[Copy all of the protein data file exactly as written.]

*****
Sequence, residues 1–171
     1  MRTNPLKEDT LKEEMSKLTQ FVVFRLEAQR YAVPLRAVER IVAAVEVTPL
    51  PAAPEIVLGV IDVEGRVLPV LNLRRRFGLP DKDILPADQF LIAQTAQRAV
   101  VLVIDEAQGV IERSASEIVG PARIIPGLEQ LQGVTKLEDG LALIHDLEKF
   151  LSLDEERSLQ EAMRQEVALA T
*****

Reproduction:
Sequence, residues 1–171
     1  MRTNPLKEDT LKEEMSKLTQ FVVFRLEAQR YAVPLRAVER IVAAVEVTPL
    51  PAAPEIVLGV IDVEGRVLPV LNLRRRFGLP DKDILPADQF LIAQTAQRAV
   101  VLVIDEAQGV IERSASEIVG PARIIPGLEQ LQGVTKLEDG LALIHDLEKF
   151  LSLDEERSLQ EAMRQEVALA T